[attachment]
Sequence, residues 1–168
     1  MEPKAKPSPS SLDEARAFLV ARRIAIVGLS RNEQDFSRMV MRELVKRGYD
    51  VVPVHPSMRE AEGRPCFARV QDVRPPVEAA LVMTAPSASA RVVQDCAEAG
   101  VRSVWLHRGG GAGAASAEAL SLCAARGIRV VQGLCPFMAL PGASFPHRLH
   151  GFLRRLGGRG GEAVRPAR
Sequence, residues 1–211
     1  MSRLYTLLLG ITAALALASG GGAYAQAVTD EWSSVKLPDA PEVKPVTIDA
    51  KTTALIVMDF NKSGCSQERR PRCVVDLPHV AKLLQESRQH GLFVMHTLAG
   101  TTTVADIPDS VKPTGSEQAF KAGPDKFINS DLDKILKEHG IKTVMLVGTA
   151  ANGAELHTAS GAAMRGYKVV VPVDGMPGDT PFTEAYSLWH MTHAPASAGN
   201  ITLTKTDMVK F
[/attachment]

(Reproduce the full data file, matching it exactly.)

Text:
Sequence, residues 1–168
     1  MEPKAKPSPS SLDEARAFLV ARRIAIVGLS RNEQDFSRMV MRELVKRGYD
    51  VVPVHPSMRE AEGRPCFARV QDVRPPVEAA LVMTAPSASA RVVQDCAEAG
   101  VRSVWLHRGG GAGAASAEAL SLCAARGIRV VQGLCPFMAL PGASFPHRLH
   151  GFLRRLGGRG GEAVRPAR
Sequence, residues 1–211
     1  MSRLYTLLLG ITAALALASG GGAYAQAVTD EWSSVKLPDA PEVKPVTIDA
    51  KTTALIVMDF NKSGCSQERR PRCVVDLPHV AKLLQESRQH GLFVMHTLAG
   101  TTTVADIPDS VKPTGSEQAF KAGPDKFINS DLDKILKEHG IKTVMLVGTA
   151  ANGAELHTAS GAAMRGYKVV VPVDGMPGDT PFTEAYSLWH MTHAPASAGN
   201  ITLTKTDMVK F